Most commercial insecticides, pesticides and cleaning products contain harsh chemicals that can cause symptoms in people with asthma. There are many laws, at the national, state and city level, that protect people from exposure to toxic chemicals in commercial products. In NYC exposure levels at school are controlled through IPM and Green-Cleaning policies.
Integrated Pest Management (IPM)
IPM focuses on controlling pests through a combination of methods. Because heavily pesticide applications can pose a health risk to children and adults, including those with asthma, IPM is the safest pest management approach. IPM is not a single pest control method but, rather, a series of management evaluations, decisions, and nontoxic controls.
IPM practitioners, aware of the potential for pest infestation, follow a four-tiered approach that focuses on prevention. The four steps include:
Evaluate and Set Action Thresholds: Before taking any action, IPM sets an action threshold--a point at which pest sightings or environmental conditions indicate that an action must be taken. Seeing a single pest does not always mean control is needed; a very thorough cleaning may be all that is needed.
Monitor and Identify Pests: IPM programs monitor for pests and identify them accurately, so that appropriate control decisions can be made in coordination with an action threshold.
Prevention: As a first line of pest control, IPM programs aim to manage the indoor space to prevent pests from entering the area and becoming a threat. Prevention, e.g., sanitation, structural repair, sealing cracks in walls and holes around pipes, can be very effective and cost efficient, and present little if any health risk to people or environment.
Control: If it is determined that prevention methods alone are not effective, IPM programs use nonchemical, less risky mechanical controls, such as roach traps and sticky papers.
According to city and state law, NYC schools are required:
1) to use the least toxic method of IPM to control pests, 2) to make the school’s maintenance plan available to parents and staff, and 3) to notify parents about any scheduled pesticide applications.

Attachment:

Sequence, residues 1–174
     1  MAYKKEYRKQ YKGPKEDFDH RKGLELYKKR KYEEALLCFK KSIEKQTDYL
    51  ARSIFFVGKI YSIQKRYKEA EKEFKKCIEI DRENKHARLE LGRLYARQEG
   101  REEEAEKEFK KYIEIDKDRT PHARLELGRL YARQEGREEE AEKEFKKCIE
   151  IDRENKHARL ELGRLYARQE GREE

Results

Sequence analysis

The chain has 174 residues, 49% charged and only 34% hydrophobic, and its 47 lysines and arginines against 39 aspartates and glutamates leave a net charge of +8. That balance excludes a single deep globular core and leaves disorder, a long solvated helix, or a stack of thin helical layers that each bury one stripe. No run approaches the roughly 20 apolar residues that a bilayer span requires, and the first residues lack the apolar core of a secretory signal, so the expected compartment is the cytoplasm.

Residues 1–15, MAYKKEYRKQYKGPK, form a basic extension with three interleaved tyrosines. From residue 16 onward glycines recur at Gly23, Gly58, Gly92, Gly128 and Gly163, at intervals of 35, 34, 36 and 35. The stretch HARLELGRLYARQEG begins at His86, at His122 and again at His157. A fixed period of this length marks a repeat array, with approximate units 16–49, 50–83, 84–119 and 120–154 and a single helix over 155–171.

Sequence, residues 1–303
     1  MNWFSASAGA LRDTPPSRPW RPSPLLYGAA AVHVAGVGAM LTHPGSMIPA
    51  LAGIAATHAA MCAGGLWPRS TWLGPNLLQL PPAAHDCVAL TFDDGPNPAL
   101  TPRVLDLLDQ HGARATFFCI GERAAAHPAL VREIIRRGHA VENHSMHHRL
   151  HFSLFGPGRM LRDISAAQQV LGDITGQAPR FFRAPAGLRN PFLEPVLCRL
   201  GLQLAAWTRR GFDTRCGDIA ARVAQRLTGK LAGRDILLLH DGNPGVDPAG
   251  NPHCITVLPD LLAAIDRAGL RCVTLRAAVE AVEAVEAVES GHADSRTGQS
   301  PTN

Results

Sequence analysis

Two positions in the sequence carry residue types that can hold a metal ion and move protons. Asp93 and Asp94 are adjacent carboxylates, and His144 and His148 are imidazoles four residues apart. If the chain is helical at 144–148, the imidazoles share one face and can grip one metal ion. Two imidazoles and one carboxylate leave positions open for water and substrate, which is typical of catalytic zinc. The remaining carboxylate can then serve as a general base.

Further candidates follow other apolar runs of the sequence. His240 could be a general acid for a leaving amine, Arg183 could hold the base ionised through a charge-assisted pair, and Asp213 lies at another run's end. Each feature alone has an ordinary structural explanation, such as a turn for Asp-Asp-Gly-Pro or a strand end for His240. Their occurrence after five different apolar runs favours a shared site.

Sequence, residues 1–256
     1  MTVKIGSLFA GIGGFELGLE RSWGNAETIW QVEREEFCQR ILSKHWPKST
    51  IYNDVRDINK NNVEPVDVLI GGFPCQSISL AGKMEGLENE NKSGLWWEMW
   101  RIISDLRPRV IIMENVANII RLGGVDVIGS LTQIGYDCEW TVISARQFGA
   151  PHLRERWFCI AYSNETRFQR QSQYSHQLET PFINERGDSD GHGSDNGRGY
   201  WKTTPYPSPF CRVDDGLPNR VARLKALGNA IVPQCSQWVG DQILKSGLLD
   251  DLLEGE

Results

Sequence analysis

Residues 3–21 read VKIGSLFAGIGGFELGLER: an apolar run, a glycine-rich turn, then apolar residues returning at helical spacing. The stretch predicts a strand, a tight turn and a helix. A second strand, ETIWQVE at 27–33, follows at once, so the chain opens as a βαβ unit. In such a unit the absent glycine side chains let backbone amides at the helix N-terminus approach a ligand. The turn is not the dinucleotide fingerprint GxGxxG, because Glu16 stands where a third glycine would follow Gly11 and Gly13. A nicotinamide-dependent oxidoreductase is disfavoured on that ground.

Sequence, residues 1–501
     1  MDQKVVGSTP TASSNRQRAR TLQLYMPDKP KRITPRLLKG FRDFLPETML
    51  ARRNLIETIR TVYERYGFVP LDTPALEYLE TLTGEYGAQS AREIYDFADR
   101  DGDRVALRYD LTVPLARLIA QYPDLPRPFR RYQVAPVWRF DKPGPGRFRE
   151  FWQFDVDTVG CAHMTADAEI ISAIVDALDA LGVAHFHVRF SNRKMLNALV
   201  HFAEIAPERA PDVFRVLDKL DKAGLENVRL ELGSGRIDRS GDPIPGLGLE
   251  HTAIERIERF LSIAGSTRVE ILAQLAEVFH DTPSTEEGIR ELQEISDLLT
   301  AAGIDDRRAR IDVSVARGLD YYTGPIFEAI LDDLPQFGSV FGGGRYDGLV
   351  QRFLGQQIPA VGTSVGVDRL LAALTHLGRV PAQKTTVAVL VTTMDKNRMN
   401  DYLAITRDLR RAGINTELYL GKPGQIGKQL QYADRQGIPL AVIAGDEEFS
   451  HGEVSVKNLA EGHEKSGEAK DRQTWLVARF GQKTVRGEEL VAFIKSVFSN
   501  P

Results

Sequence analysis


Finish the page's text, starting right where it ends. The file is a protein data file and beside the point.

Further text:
Green Cleaning Products
Many common cleaning products contain harsh chemicals that can cause symptoms in people with asthma. In addition, common cleaning products contribute chemical run-off to the environment and can cause other health problems, such as eye or skin irritation or headaches. For this reason, it is best to switch to “green” cleaning products, which contain fewer chemicals and which are safer for people and the environment.
According to New York State law, elementary and secondary schools are required to procure and use environmentally-sensitive cleaning and maintenance products. Use of products with high chemical contents, such as bleach, is limited to clean up of body fluids, such as blood and urine.
Classroom and cluster teachers may bring their own cleaning products in for use during the day. These should also be green cleaning products. The school custodian can provide spray bottles with approved cleaner for use.
Tips for Buying and Using Cleaners
Clean when children or those with asthma are not in the house or room.
Wear a mask over the mouth and nose when cleaning.
Avoid using air fresheners or scented candles.
Make your own all-purpose cleaner by mixing equal parts vinegar and water in a spray bottle. Be sure to put labels on your new green cleaning products.
Do not mix any other chemicals. Bleach, chlorine and ammonia can produce fumes that are extremely dangerous.
Look for cleaning products with a Green Seal certification.
Buy cleaning products with low scent.